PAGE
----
Fate and the Deaths of Romeo and Juliet in William Shakespeare's Play
Before judging to what extent Fate was responsible for the deaths of
Romeo and Juliet, we must first answer the question: what is fate?
According to the Oxford English Dictionary, fate is the 'inevitable
destiny or necessity destined term of life; doom.' On a more basic
level, fate can be described as a preplanned sequence of events
influencing one's life. In Shakespeare's Romeo and Juliet, is it true
to say that Fate was the sole contributor to the deaths of the young
couple, or was their demise brought about by the mistakes of others?
In the modern world, most people choose to believe that they have a
sense of responsibility and can control their own lives. They suppose
that their problems are caused by the actions of themselves or those
influencing them. From one viewpoint, it is true to say that the
deaths of Romeo and Juliet were caused by the mistakes made by
themselves and others: the influence of fate was almost nonexistent.
Four characters in the play intensely manipulate the tragic path of
the young couple: (apart from Romeo and Juliet themselves) Mercutio,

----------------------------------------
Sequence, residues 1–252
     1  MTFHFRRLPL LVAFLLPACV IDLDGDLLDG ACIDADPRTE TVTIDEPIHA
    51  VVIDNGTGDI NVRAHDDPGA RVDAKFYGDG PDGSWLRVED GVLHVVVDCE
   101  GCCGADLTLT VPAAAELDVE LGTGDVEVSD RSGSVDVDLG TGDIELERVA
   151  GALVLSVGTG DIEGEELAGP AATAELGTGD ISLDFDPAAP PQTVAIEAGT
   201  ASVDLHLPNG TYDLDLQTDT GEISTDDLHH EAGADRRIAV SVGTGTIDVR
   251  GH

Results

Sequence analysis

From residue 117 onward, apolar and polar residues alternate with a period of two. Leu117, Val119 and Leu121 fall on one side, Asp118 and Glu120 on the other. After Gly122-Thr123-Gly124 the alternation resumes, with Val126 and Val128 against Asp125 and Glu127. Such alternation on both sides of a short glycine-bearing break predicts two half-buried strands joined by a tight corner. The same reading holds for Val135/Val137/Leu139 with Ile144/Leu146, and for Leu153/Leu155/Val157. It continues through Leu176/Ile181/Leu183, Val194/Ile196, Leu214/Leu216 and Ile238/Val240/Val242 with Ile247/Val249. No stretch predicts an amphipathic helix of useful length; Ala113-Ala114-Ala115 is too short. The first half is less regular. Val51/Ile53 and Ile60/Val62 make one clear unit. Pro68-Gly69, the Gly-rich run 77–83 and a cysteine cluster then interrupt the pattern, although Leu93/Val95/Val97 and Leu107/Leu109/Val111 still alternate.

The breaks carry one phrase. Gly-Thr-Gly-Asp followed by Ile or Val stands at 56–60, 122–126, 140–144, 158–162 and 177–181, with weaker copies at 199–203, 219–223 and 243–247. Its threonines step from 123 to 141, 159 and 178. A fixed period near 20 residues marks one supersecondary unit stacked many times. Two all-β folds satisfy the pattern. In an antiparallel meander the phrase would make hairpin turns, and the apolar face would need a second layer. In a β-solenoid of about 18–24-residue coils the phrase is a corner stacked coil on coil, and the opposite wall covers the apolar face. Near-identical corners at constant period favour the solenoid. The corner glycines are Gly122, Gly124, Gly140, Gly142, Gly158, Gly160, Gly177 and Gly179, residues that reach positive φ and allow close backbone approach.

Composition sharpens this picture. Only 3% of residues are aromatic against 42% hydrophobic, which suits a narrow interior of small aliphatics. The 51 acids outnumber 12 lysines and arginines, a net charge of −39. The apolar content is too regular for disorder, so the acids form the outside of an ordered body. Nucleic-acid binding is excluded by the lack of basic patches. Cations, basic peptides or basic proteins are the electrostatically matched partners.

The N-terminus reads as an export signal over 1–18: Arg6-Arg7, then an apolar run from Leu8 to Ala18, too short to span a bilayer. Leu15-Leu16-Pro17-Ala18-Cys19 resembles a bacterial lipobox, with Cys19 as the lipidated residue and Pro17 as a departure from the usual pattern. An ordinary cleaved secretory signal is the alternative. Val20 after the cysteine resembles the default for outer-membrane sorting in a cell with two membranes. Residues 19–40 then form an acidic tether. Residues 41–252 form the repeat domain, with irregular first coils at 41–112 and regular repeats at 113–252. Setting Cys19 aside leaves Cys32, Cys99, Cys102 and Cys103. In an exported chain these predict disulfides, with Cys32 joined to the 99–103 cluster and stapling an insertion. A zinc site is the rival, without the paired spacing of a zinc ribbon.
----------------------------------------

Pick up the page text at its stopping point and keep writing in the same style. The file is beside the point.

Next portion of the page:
the Nurse, Tybalt and the Friar.
Mercutio, one of Romeo's friends and a supporter of the Montague
household, changed the course of events by encouraging Romeo to go the
Capulet's masquerade and duelling with Tybalt in town. If Mercutio had
not encouraged Romeo to go to the Capulet's dance, the couple would
never have met and their deaths would have been averted. But was Romeo
destined to meet Juliet, regardless of the actions of others?
If Mercutio had not taunted Tybalt in town whilst out with Romeo and
Benvolio, Romeo would never have got into his fight with Tybalt and
therefore would not have been banished. Perhaps, however, the fight
initiated by Mercutio that hapless day was inevitable: could it be
that Romeo was somehow destined to be exiled?
The Nurse, Juliet's committed servant who treated her almost like a
daughter, changed the course of events by going behind Lord and Lady
Capulet's backs. If the Nurse had not performed Juliet's bidding and
acted as her messenger, it is possible that Juliet would have given up
on the idea of her marriage to Romeo and the couple's deaths would
have been averted. However, there is a strong possibility that
regardless of the Nurse's influence, the couple would still have gone
ahead with their doomed marriage once they had fallen in love.
The Friar, Romeo's friend and assistant of Juliet in her final plan,
changed the course of events by helping the young couple in their
plans to marry and assisting Juliet in her scheme to be with Romeo
once again. If the Friar had not agreed to marry Romeo and Juliet, it
is possible that the couple would have given up on the idea of being
together. On the other...